‘Resit levy’ on schools should ease ‘extreme funding pressures’ on colleges, think tank report claims

Further education colleges struggling to cope with an influx of maths and English GCSE resit students should get extra cash through a special levy on schools, a leading think tank has claimed.

A report released today by the Policy Exchange, a right-leaning think tank founded by former Education Secretary Michael Gove, called for the “resit levy”.

It would mean schools having to help cover the cost for “some or all of their students” who fail to get a C grade in the subjects and transfer to an FE College to take their resits, the report said.

Natasha Porter, author of the paper, said: “It is unfair for some schools to pass the buck to FE colleges who are already facing extreme funding pressures to fix a problem they have not caused themselves.

“To recognise the additional burden on FE colleges and shoulder more responsibility, schools should cough up and pay a resit levy.”

John Widdowson (pictured right), president of the Association of Colleges, said: “Policy Exchange has rightly recognised the challenge faced by John-widdowsoncolleges as they support an increasing number of young people needing to re-sit their GCSE English and maths after 11 years at school.

“These resits are being provided alongside the technical and professional courses that produce the skilled motivated employees that the country needs to drive productivity.

But he added: “While specific proposal to place a levy on schools, payable to FE colleges, for those students who failed to get a A* to C grade, would bring welcome additional funding into colleges, it would be easier if the government recognised the new challenge taken on by colleges in the national funding system.”

Nansi Ellis
Nansi Ellis

Nansi Ellis (pictured left), assistant general secretary at the Association of Teachers and Lecturers, said FE colleges had been “most affected” by students needing to re-sit English and maths, “with some colleges having to devote whole buildings to accommodate the huge number of students taking GCSE exams”.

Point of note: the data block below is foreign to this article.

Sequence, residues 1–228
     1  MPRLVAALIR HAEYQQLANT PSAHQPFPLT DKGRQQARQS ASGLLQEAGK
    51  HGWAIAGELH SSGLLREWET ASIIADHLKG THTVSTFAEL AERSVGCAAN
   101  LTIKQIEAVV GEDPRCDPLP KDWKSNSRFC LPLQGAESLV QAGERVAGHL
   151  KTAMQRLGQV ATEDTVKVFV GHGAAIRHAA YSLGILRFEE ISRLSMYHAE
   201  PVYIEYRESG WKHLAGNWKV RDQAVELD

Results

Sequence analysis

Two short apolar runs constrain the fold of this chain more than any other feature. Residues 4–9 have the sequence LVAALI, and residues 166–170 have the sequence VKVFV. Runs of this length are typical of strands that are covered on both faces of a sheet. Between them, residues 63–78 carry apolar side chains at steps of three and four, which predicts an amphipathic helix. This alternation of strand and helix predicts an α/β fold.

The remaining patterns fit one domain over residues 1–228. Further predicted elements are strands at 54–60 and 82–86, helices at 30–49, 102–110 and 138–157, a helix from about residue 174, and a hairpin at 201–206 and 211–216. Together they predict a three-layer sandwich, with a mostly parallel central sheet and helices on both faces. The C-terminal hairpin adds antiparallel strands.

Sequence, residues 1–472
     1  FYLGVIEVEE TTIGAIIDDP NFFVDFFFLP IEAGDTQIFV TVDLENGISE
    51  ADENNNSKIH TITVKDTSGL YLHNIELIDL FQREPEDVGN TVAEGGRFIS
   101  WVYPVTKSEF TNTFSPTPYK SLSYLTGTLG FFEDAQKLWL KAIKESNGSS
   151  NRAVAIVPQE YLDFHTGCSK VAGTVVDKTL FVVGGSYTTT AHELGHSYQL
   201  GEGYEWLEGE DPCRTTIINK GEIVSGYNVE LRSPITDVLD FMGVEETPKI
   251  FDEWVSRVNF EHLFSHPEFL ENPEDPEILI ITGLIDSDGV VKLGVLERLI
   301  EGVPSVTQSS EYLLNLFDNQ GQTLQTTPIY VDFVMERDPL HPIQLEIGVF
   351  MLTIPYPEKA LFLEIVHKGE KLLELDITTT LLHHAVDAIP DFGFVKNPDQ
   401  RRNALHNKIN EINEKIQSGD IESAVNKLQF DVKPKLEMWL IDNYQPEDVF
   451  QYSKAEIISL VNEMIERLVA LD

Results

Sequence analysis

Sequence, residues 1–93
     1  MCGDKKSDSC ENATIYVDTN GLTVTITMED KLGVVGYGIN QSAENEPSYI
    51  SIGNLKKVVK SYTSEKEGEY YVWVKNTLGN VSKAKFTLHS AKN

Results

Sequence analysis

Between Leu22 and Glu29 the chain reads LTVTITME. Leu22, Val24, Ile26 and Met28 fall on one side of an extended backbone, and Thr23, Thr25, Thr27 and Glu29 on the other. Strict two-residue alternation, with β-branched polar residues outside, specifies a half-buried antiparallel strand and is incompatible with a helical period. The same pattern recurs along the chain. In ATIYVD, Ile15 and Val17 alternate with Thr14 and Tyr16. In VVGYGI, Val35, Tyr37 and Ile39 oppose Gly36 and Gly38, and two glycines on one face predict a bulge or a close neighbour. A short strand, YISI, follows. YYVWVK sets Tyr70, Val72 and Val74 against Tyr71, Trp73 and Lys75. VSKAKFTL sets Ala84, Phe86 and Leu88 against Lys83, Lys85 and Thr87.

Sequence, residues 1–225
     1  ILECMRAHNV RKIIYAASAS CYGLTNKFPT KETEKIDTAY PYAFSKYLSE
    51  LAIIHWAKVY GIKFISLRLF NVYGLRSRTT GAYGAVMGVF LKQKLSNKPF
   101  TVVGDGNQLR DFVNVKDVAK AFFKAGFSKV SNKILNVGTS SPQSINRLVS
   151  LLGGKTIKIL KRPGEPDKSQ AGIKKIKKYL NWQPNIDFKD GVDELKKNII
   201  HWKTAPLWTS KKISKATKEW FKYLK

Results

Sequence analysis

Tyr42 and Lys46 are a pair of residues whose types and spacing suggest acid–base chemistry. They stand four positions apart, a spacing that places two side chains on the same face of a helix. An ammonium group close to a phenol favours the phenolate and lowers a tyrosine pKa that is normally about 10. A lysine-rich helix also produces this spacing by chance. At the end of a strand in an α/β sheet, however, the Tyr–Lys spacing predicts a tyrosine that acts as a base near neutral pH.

However, she said: “While we agree that FE colleges should receive additional funding for helping students pass their re-sits, we do not think schools should have to pay for it.

“We also fundamentally disagree with making students keep re-sitting GCSEs in English and maths. Instead, young people who have failed to get Cs in English and maths should take functional skills qualifications.”

The report claimed that the post-16 funding system does not does not recognise the extra burden on FE colleges since resits became compulsory for learners that fail to achieve a grade C in the subjects at the start of 2014/15.

“An FE college will receive £4,000 for a 16-17 year old (and £3,300 for an 18 year old) to teach a full time (unweighted) qualification, and is now required to fund the remedial maths and English teaching and examination fees from within this sum,” it said.

A Policy Exchange spokesperson said that FE colleges were also carrying more of the burden, in terms of the number of resitting students.

For students who completed their GCSEs in 2011 and retook them in 2013, he said, FE colleges took around five times more students who retook English — 100,239 compared to 20,544 who stayed at school.

It was a similar story over the same period for maths resits, he added, when 110,811 students re-took maths at an FE college, compared to 27,579 at schools.

The report added that the levy would, under the proposals, apply “where the student has both failed to get a C and achieved a negative score below a certain level on the new Progress 8 benchmark”, so long as he or she “has been on the roll of the secondary school for a certain length of time”.

Special educational needs and disabled students would only be exempt if they have an evidenced assessment showing they are not able to study the subject, it added.

The report added that there should be “a cap on the levy on any one particular school to provide some surety in financial planning from the school’s perspective”.

The Department for Business, Innovation and Skills declined to comment on the levy plan.

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  1. At last the huge issue facing FE is in the spotlight. If, after 11 years at school, students have failed to learn maths and English well enough, it is ridiculous to expect cash strapped FE to achieve this in one or two years (although they do pretty well in the circumstances!) The trouble with this approach though, is that it is trying to cure the symptom rather than the illness. There is a problem with the learning of maths and English at school for too many children, and the root cause/s of this needs to be identified first, and appropriate remedial action taken. This is too big an issue to leave to politicians. We need to properly research and identify what is really wrong with learning at school. The future lives of our young people depend on this.

  2. It has always felt ridiculous that FE Colleges and training providers should pick up the pieces after schools have failed their pupils. This has been going on for years but, obviously, it is much worse now. Instead of levying schools,the pupils should go back to their school for half a day a week to study for their resits. This would put the responsibility back on the school which is where it belongs.